Data was presented using descriptive statistics including frequency, percentage, mean with standard deviation (SD) and P-value of≤0.05 was considered statistically significant.
Ethical approval was obtained from Al Neelain Ethical committee at Al Neelain University. All patients signed an informed consent before participate in the study.
Of the 132 patients, 55.4% were male and 39.6% were female; the mean age was 62.2 (±12.8) years .The analysis of education level showed that 30.3 % of patients were illiterate, 31.8 % had completed primary school, 22.0% secondary school, and 15.9 % had university graduation (Table 1). The result of present study revealed that overall of 132 patients’ compliance ranged between 14 (10.6%) and 117(88.6%) of the patients, the high rate of compliance was found in medications (88.6%) and follow –up appointment keeping (66.6%). In general most patients showed low compliance are found in fluid restriction 14 (10.6%), and exercise 16 (12.12%), and daily weighing 22 (16.6%) (Table2).
Factors or barriers of Non-compliance
Table 3 below shows the pattern of reasons of non-compliance to treatment regimen among heart failure Sudanese patients. About 13% reported sometimes stop medication due to fear of side effects, 42.4% of respondents reported stopped medication due to because of expenses, 37.1%reportedbelieved that ineffective of the medicine to stabilize his/her heart failure, 58.3% reported lack of motivation because his/her cannot be cured, 77.2%reported lack of knowledge to comply with the dietary restrictions,84% reported lack of knowledge to weight himself daily, 85.6% reported lack of knowledge to comply with the dietary High in potassium, 80.3% lack of knowledge to avoid drinking excess fluids. Table 3.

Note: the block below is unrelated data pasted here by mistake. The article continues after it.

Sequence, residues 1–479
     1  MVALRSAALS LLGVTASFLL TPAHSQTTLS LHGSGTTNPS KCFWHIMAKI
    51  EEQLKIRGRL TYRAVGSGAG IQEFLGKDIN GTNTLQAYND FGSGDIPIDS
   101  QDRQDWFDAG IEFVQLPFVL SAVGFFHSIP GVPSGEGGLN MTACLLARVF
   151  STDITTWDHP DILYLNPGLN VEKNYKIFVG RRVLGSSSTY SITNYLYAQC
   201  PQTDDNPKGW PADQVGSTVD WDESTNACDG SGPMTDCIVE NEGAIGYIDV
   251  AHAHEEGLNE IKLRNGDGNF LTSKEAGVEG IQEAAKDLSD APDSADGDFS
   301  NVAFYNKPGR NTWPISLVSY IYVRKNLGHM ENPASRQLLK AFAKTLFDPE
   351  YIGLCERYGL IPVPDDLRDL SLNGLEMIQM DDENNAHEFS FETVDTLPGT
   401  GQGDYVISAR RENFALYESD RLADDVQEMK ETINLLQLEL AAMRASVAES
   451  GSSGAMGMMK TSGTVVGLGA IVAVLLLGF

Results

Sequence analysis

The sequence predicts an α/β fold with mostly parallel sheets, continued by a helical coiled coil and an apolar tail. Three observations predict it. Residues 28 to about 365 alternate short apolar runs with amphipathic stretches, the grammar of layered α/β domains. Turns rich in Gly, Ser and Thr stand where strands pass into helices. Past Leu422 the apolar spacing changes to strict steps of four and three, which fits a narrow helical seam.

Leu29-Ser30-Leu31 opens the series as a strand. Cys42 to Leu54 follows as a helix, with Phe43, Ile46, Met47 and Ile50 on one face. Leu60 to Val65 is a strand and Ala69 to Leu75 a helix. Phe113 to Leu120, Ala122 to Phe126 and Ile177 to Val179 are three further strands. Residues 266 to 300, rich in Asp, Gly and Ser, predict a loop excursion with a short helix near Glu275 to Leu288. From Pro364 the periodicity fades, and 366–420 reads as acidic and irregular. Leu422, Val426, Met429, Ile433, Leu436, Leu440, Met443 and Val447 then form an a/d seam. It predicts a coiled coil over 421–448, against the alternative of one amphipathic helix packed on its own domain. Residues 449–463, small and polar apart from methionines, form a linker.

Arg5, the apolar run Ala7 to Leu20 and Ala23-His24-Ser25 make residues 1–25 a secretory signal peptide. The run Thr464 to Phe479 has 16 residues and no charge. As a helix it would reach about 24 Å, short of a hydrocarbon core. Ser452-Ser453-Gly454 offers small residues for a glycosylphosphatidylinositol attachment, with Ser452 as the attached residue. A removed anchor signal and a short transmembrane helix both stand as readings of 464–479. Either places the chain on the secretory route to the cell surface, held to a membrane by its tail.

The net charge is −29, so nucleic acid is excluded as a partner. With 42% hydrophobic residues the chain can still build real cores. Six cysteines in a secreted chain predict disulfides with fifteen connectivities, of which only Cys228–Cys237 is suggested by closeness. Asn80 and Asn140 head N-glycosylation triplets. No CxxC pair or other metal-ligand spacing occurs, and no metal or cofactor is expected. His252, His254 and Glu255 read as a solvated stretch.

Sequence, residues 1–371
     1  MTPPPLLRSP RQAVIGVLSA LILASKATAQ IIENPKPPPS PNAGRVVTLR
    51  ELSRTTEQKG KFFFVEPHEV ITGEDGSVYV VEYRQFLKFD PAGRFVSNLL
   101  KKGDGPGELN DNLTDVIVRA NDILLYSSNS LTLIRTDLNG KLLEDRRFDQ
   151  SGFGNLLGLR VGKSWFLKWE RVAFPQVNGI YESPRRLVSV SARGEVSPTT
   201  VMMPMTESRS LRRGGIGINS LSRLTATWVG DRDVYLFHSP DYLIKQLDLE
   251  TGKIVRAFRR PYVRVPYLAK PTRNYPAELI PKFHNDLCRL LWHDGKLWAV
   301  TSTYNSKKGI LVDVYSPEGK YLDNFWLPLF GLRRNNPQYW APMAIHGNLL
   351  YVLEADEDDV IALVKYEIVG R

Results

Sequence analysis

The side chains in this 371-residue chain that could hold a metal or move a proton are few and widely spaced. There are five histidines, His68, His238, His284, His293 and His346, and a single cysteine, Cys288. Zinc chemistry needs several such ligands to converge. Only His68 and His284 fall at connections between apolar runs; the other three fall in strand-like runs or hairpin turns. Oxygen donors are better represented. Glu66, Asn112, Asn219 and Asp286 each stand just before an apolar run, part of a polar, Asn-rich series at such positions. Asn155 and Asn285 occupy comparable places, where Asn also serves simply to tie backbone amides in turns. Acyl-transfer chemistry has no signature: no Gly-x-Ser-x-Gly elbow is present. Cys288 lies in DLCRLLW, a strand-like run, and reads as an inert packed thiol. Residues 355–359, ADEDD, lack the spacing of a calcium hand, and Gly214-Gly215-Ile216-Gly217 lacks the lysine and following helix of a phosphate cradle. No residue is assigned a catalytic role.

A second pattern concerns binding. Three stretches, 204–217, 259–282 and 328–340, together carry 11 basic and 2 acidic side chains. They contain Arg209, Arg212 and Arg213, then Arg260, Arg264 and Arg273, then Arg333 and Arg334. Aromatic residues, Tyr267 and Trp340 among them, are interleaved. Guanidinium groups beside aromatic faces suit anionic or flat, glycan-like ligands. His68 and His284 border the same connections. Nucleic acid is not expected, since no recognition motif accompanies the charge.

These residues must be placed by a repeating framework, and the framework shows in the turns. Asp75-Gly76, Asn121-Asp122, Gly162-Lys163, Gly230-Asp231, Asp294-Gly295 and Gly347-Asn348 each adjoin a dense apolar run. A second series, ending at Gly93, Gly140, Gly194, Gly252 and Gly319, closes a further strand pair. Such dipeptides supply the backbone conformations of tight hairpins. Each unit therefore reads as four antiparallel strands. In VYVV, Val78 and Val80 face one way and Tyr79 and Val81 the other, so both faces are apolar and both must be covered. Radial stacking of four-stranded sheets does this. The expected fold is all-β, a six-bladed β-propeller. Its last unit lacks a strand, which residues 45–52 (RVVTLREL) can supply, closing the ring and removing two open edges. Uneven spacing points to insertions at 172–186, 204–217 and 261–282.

The non-compliance of HF patients is a major problem and remains to be a continuous source of concern for patients and treating doctors due to the inevitable consequences, worsening symptoms and leading to hospital readmission. The highest rates of non-compliance are found in diet and fluid restriction, daily weighing and activity.
Although, several studies on compliance of HF patients have been performed worldwide, to our knowledge this is the first ever study conducted in Sudanese HF patients.
The result of present study revealed that overall of 132 patients’ compliance ranged between 7 (5.3%) and 117(88.6%) of the patients, the high rate of compliance was found in medications117 (88.6%) and follow –up appointment keeping 108 (108 (81.8)%. The highest rates of non-compliance are found in fluid restriction 7 (5.3%), and 16 (12.12)%, and daily weighing 22 (16.6%).The result of the present study showed low compliance compared with other previous studies. study conducted by van der walin which the compliance with medication (98.6%), appointment keeping, salt restriction (79%), fluid restriction (73%), exercise (39%), and weighing (35%)where all higher compared with the results of the present study(11).also the compliance level of present study is lower to study done by Evangelista which found higher levels of compliance (> 90%) were noted for (follow-up appointments, medications, smoking, and alcohol cessation), low compliance dietary 71%and exercise recommendations 53%(14). Medication compliance in the present study result is higher to the study done by kamlovi yayhd which found74.7% that compliance to medication (17).